Haim Saban Recalls Days With ’60s Israeli Band Lions of Judah

Haim Saban the leader of the
Courtesy of Haim Saban

Growing up poor in Tel Aviv, Haim Saban never had money for a car or taxis. He would walk everywhere, which is how one Wednesday evening, the then 20-year-old found himself at a swimming pool-cum-club in Tel Aviv, smelling an opportunity to make some money.

“There was a band playing at the pool that was pretty lousy and the place was empty,” Saban remembers. “I was not in a band, but I thought, ‘let me try something.’ So I went to the owner of the pool and I say to him, ‘You know, you have this beautiful place here and the reason it’s empty is because this band sucks.’ And he said, ‘Well, people don’t like them so much, but you know, they’ve been here for a while.’ So I said, ‘I have a band and if we played here this place would be jam-packed.’ In those days, in the 1960s, big stars didn’t come to Israel. I told the pool owner, ‘I have the right kind of band and we are fantastic!’ And he said, ‘Well, do you guys play somewhere where I can come and hear you?’ And I say, ‘Yeah, of course!’”

But Saban didn’t have a band. In fact, he could barely play guitar. He didn’t even own a guitar.

“So now I have a client who’s willing to buy my wares, but I ain’t got no wares,” he says.

Saban immediately approached a friend who owned a music store, asking if he knew of a band into which he could finagle his way as a member. His friend didn’t have a personal connection to any local band, but he did know of an apartment building close by from where live music could be heard streaming through the window at all hours. Perhaps there was a band there in need of a bass guitarist. He pointed out the apartment building, and Saban spent the next three days waiting for his chance.

“No music comes out the first day, no music comes out the second day, but music comes out the third day,” he says. “So I go and start knocking on doors and I identify the musicians and I say to them, ‘Where do you guys play? I might have a gig for you.’ They tell me and I say, ‘OK, thank you.’ That was it. So now I have a band that I don’t really have. So I’m thinking, how do I wiggle myself into this deal?”

With zero knowledge of the music business and guitar-strumming skills that didn’t extend beyond the ability to pluck a few chords, Saban hatched a plan. He wrapped his hand in a bandage, pretended he’d broken his arm, and convinced the pool owner that while he was out of commission temporarily, he’d be back on stage soon. In the meantime, he told the pool owner, he’d found a replacement bassist. They walked to the venue where the band was playing, Saban slipped the bouncer the $2 cover charge, and they awaited the start of the performance.

“It’s the first time I hear this band and the guy who was singing sounded exactly like Paul McCartney,” says Saban, still marveling decades later at the sheer serendipity of the moment. “They were fantastic and I’m thinking ‘S–t, I’m halfway there.’”

The pool manager wanted to hire them immediately, and Saban negotiated a deal that paid the band members twice the amount they’d been making previously.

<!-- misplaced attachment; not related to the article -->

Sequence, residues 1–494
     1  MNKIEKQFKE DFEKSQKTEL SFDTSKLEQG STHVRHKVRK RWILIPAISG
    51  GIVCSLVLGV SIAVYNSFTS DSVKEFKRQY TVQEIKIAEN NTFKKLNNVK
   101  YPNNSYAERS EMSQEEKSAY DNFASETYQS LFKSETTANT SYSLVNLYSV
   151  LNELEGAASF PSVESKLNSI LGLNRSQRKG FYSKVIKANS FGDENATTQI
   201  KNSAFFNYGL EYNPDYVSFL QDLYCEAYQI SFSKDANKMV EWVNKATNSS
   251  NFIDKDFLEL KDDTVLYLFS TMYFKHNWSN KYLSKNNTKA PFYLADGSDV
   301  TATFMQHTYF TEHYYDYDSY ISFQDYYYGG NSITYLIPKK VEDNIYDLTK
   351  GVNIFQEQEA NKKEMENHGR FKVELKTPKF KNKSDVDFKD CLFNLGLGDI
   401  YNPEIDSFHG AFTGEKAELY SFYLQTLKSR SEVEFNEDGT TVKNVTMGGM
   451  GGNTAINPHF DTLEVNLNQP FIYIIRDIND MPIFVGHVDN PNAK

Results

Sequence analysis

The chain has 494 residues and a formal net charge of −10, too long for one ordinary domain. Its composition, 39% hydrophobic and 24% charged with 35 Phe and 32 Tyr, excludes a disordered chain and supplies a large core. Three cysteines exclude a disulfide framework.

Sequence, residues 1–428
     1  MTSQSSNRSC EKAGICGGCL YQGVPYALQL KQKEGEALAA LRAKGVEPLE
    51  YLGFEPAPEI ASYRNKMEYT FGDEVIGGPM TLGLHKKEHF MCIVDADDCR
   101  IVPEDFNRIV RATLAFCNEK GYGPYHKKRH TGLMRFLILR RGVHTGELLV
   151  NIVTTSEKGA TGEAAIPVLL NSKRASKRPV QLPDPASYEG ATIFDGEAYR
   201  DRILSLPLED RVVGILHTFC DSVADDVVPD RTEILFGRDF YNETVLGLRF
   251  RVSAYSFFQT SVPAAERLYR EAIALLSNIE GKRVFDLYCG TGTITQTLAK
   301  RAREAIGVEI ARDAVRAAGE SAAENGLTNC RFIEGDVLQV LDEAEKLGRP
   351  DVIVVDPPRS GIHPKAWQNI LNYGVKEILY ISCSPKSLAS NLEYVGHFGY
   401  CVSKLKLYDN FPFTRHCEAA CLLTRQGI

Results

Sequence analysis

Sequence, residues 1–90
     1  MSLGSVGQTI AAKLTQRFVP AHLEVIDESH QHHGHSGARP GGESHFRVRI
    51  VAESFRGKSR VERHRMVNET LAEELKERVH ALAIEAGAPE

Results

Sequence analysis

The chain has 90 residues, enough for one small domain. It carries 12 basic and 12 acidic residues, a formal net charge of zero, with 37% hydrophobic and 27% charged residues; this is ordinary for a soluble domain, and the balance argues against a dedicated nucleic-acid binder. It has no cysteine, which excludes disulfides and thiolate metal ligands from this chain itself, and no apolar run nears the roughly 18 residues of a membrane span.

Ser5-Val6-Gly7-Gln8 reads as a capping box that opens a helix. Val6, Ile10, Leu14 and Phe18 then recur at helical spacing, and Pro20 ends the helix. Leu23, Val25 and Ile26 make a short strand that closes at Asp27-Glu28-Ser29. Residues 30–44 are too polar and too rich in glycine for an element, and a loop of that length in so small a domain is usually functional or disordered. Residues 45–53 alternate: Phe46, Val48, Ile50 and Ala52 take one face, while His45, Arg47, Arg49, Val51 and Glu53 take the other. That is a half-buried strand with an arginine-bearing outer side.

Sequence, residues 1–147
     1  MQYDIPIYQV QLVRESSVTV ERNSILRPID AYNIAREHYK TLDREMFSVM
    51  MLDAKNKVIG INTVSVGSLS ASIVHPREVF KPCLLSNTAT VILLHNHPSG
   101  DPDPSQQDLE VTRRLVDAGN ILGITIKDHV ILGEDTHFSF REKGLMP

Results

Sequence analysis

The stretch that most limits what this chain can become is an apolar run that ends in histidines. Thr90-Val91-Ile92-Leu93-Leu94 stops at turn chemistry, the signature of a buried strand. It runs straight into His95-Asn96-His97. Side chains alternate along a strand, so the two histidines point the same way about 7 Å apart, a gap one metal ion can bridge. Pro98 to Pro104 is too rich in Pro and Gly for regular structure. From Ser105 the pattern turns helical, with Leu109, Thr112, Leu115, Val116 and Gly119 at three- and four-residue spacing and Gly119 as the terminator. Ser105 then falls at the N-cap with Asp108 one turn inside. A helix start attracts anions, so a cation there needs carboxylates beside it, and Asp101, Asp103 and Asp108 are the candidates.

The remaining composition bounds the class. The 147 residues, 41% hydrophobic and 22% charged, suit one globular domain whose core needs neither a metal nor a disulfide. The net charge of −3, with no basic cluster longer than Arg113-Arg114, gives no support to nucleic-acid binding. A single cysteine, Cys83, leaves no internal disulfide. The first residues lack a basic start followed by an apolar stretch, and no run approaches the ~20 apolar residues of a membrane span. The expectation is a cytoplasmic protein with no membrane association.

There was just one catch: the band needed to hire Saban.

The bandmates agreed. In two short weeks Saban learned how to play bass guitar and Lions of Judah, its name plucked from a biblical story, was born.

“We used to play for three hours [on stage] so they taught me how to play for an hour and a half,” says Saban. “Half of the playing time I had the amplifier on, and the other half I shut it down because I didn’t know the songs. I’m not a good musician, but I did my homework and I knew this was my way out of profound poverty. Some people, because of their needs, go and become criminals. I have been very fortunate that I wasn’t attracted to these kinds of solutions. But when you live with five people in a place where when it rains it drips on you, you try everything you can possibly try. Necessity is the mother of all inventions.”

Over the next couple of years, Lions of Judah, with Shuki Algranati on vocals and rhythm guitar, Ilan Dudman on bass, and Moshe Buyanjo on drums, grew in popularity and amassed a steady following. In 1969, Dave Watts from the British band the Tornados joined the Lions and they traveled to England where they performed in London nightclubs. They signed with Polydor Records and recorded a single, “Our Love’s a Growing Thing.”

Eventually, its members decided that in order to take their act to the next level they needed to make some changes. Haim was out as bassist, but they offered to keep him on as band manager.

“One thing led to another,” says Saban. “At first I was managing one band, and then two bands.”

Within time Saban was heading the largest music tourism operation in Israel, a skill he’d eventually parlay into producing records, composing music and creating his children’s television empire.

But while his rock and roll days were over, he never lost his affection for the guitar.

“I have a lot of fun playing the guitar — still. Everywhere I go I have a guitar, even when I travel, I take a guitar with me, this is how I get my head straight. Some people roll a joint, others do a line. I do guitar.”

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